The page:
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Femoral vs Radial Approach and MRI Evaluation of Strokes

This study has been completed.
Sponsor:
ClinicalTrials.gov Identifier:
NCT00329979
First Posted: May 25, 2006
Last Update Posted: June 10, 2010
The safety and scientific validity of this study is the responsibility of the study sponsor and investigators. Listing a study does not mean it has been evaluated by the U.S. Federal Government. Read our disclaimer for details.
Information provided by:
University Hospital, Caen
  Purpose

Symptomatic cerebral infarction following cardiac catheterization is rare but silent brain injury could occur at an unexpectedly high rate. One study has found that up to 22% of patients with severe aortic stenosis who have undergone retrograde catheterization of the valve can be identified as having new ischemic lesions as detected by diffusion-weighted (DW) magnetic resonance imaging (MRI). During cardiac catheterization, cerebral microembolism as detected by TCD has frequently been observed, but whether it is clinically relevant remains unknown . However, recent studies have suggested that some of these microemboli could be responsible for acute brain injury, as documented by DW MRI.

Indeed the high sensitivity of DW MRI suggests that this technique could allow an improved estimate of cerebral ischemic events associated with cardiovascular-catheter procedures. We therefore decided to perform DW MRI before and after cardiac catheterization to prospectively assess both clinically silent and apparent cerebral embolisms for the first time in a multicenter trial. Furthermore, a randomization between radial and femoral access will allow assessment of risk of silent brain injury associated with the different vascular access sites.


Condition Intervention
Aortic Stenosis Behavioral: vascular access site

Study Type: Observational
Study Design: Time Perspective: Prospective
Official Title: Silent Cerebral Infarction After Heart Catheterization: A Randomized Comparison of Radial and Femoral Arterial Access.

Resource links provided by NLM:


Further study details as provided by University Hospital, Caen:

Estimated Enrollment: 152
Study Start Date: May 2006
Study Completion Date: September 2009
Primary Completion Date: September 2009 (Final data collection date for primary outcome measure)
Groups/Cohorts Assigned Interventions
1
Radial access
Behavioral: vascular access site
Randomized vascular access site
2
Femoral access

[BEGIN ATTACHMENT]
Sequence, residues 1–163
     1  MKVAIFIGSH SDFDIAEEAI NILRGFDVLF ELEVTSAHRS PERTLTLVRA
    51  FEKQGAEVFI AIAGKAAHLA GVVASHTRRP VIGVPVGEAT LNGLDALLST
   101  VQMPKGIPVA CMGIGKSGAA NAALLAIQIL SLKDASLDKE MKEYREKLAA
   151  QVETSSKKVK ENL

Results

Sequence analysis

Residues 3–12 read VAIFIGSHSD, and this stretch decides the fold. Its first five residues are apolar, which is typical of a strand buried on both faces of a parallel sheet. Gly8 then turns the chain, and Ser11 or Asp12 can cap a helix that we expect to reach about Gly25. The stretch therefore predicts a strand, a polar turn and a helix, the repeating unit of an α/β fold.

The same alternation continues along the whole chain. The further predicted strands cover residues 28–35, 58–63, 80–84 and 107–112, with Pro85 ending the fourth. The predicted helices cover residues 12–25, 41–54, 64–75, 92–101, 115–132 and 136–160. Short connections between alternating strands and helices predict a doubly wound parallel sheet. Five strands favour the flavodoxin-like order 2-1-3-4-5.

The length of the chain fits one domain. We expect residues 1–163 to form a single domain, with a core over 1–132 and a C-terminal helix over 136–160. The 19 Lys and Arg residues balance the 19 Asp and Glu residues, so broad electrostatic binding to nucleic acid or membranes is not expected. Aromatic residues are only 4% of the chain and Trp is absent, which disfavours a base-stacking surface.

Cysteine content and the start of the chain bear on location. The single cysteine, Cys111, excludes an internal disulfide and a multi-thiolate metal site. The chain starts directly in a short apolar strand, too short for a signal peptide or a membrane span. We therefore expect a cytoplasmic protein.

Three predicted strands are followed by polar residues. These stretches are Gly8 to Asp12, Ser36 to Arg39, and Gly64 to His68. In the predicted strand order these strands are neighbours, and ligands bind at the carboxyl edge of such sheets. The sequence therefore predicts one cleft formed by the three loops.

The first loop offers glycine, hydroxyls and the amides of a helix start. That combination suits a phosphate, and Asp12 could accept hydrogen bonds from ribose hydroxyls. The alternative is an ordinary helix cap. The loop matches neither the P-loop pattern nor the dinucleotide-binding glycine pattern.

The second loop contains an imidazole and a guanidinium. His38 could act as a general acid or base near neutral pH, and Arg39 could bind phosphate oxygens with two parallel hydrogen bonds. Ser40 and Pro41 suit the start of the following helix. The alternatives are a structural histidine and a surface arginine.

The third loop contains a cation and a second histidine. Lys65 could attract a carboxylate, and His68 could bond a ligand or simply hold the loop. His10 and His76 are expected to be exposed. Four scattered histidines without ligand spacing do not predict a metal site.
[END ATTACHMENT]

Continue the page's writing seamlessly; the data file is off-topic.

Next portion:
Behavioral: vascular access site
Randomized vascular access site

  Eligibility

Information from the National Library of Medicine

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Ages Eligible for Study:   18 Years and older   (Adult, Senior)
Sexes Eligible for Study:   All
Accepts Healthy Volunteers:   No
Sampling Method:   Non-Probability Sample
Study Population
Patient with aortic stenosis
Criteria

Inclusion Criteria:

  • Patient with significant aortic valve stenosis before planned surgery.

Exclusion Criteria:

  • Contraindication to MRI or inability to give written informed consent.
  Contacts and Locations
Information from the National Library of Medicine

To learn more about this study, you or your doctor may contact the study research staff using the contact information provided by the sponsor.

Please refer to this study by its ClinicalTrials.gov identifier (NCT number): NCT00329979


Locations
France
CHU Caen, cardiology department
Caen, France, 14033
Sponsors and Collaborators
University Hospital, Caen
Investigators
Study Chair: Michèle Hamon, MD CHU Caen
Principal Investigator: Martial Hamon, MD CHU Caen
  More Information

Responsible Party: Patrick MICHEL, research and strategy manager, University hospital, Caen
ClinicalTrials.gov Identifier: NCT00329979     History of Changes
Other Study ID Numbers: 2006-18
No additional Ids
First Submitted: May 23, 2006
First Posted: May 25, 2006
Last Update Posted: June 10, 2010
Last Verified: June 2010

Keywords provided by University Hospital, Caen:
aortic stenosis
radial
femoral
vascular access site
embolism
cerebral
MRI
stroke

Additional relevant MeSH terms:
Aortic Valve Stenosis
Heart Valve Diseases
Heart Diseases
Cardiovascular Diseases
Ventricular Outflow Obstruction